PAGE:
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Mortal Shell

Platform(s): PC, PlayStation 4, PlayStation 5, Xbox One, Xbox Series X
Genre: RPG/Action
Publisher: PlayStack
Developer: Cold Symmetry
Release Date: March 4, 2021

About Andreas Salmen

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PS5 Review - 'Mortal Shell: Enhanced Edition'

by Andreas Salmen on Aug. 30, 2021 @ 12:00 a.m. PDT

Mortal Shell: Enhanced Edition is a ruthless and deep action-RPG that tests your sanity and resilience in a shattered world.

Buy Mortal Shell: Enhanced Edition

From Software has had a tremendous impact on the video game industry, especially in the indie scene. Many games freely use the concepts and mechanics from Demon's Souls, with varying success. Mortal Shell is another indie game that, at first glance, could easily be dismissed as a clone. Even my girlfriend, who doesn't have much insight into gaming, saw me playing Mortal Shell and asked if I was playing Dark Souls again.

However, Mortal Shell is a lot more than a simple clone. Many who enjoyed Dark Souls will have a tough time with Mortal Shell because it plays and feels different. With the release of the new consoles, Mortal Shell: Enhanced Edition provides a chance to jump in for those who had missed it previously or who want a graphics update from the previous-gen version. We reviewed Mortal Shell: Enhanced Edition on the PS5 and were quite blown away — mostly because every enemy regularly sent us flying through the air like a ragdoll.


Mortal Shell seems to invite the Souls game comparisons with its gloomy color palette, slow and methodical combat, confusing maze-like world, and cryptic item descriptions. On the other hand, the trimming of RPG mechanics, short runtime, and gameplay novelties twist the game into a direction that is unmistakably its own.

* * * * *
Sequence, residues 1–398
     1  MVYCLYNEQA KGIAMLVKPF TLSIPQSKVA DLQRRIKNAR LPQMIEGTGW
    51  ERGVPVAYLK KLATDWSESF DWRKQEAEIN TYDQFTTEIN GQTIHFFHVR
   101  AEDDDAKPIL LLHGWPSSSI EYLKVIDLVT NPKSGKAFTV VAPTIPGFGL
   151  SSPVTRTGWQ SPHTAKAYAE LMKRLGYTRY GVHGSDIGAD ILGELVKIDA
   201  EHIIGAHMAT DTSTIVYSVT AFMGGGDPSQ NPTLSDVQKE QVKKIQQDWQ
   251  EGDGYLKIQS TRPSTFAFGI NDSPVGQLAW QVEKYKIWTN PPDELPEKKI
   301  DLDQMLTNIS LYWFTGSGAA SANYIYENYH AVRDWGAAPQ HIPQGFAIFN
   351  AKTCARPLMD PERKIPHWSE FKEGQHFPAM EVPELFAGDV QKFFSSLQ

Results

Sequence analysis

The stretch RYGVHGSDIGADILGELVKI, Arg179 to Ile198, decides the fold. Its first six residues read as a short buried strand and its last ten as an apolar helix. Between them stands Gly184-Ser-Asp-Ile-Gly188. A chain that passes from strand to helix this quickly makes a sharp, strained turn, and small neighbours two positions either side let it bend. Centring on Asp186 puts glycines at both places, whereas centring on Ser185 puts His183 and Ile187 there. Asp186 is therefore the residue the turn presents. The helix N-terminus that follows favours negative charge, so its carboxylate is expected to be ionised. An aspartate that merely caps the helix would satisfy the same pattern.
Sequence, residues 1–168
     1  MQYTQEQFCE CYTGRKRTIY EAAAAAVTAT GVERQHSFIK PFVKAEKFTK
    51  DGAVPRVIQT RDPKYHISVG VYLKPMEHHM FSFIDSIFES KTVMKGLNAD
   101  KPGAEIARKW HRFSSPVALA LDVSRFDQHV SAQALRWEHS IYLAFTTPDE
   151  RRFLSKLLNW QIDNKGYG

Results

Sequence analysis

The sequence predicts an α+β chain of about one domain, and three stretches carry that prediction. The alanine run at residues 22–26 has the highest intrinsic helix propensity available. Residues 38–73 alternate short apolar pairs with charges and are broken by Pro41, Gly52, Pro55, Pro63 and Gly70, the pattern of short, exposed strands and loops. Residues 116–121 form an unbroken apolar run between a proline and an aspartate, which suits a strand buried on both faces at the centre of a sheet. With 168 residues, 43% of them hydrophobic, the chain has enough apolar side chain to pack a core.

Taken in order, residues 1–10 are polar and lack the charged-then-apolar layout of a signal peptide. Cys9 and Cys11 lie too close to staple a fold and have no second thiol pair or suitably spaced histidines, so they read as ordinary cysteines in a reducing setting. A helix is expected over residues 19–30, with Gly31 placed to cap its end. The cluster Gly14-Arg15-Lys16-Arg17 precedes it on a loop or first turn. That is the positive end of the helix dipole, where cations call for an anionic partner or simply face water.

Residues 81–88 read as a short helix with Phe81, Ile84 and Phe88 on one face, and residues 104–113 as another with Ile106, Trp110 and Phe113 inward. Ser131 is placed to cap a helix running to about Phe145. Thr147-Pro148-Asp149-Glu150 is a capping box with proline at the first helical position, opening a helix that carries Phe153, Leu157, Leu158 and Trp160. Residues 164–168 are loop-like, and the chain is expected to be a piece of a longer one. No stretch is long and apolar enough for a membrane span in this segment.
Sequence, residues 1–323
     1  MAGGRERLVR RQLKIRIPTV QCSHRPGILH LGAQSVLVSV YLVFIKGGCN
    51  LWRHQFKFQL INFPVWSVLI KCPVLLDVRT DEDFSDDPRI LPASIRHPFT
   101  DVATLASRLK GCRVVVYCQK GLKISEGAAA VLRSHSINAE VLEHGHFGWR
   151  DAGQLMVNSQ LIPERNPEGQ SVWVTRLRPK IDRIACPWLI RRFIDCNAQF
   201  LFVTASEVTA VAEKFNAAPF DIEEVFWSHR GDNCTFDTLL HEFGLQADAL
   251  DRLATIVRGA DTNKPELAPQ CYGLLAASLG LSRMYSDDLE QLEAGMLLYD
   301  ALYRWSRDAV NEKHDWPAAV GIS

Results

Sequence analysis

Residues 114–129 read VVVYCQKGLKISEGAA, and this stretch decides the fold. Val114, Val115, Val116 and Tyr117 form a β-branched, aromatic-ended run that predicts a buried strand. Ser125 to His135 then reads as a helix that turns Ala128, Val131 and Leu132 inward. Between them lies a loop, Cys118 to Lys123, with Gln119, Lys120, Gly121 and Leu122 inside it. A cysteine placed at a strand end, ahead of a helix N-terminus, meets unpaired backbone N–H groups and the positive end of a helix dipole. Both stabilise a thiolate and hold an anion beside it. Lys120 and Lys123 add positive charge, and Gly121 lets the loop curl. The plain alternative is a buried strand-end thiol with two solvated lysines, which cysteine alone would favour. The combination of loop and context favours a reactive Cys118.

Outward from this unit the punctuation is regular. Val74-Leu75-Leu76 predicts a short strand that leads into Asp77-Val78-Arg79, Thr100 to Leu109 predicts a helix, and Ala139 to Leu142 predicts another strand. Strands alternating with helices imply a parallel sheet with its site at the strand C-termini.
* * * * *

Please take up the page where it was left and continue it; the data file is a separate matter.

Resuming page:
We start the game as a creature referred to as "foundling," which isn't fit for battle. A single hit means instant demise, but it can harden its skin to repel incoming damage for a short time. Fret not, since our pale protagonist can inhabit "shells," or fallen human warriors. There are four shells in the game, each with different stats that determine your health, resolve and stamina. You get the first pretty quickly, but you'll have to search out the rest before you can use them. There is a story, and if you're familiar with Dark Souls, you'll have an idea of the lengths you'll have to go to uncover the lore. Like other Soulslike titles, the journey is fun and engaging enough to make the story irrelevant if you want it to be.

The structure of the game is slightly confusing. The adventure starts in the hub world, Fallgrim, which is an overgrown forest that's intersected by swamps and enemy campfires. What initially looks like a labyrinth with a myriad of similar-looking paths slowly becomes a familiar quantity if you take your time to explore. If you learn your way around the environment and enemies and figure out the path ahead, you'll make good progress and locate a path forward to find new shells and new weapons (which also come in fours).

In the first three hours of the game, we had thoroughly explored Fallgrim and found our base in an old, looming tower. That's where we met Sister Genessa, who we see throughout the adventure to upgrade abilities and shop for special items. Genessa also serves as checkpoints, or Mortal Shell's version of a bonfire. We also meet a mysterious prisoner, tall as the tower and imprisoned within, who asks us to retrieve three sacred glands so he can extract their nectar and free us — and himself — from this realm. So we venture out in search of these glands so that we can depart from this grim world.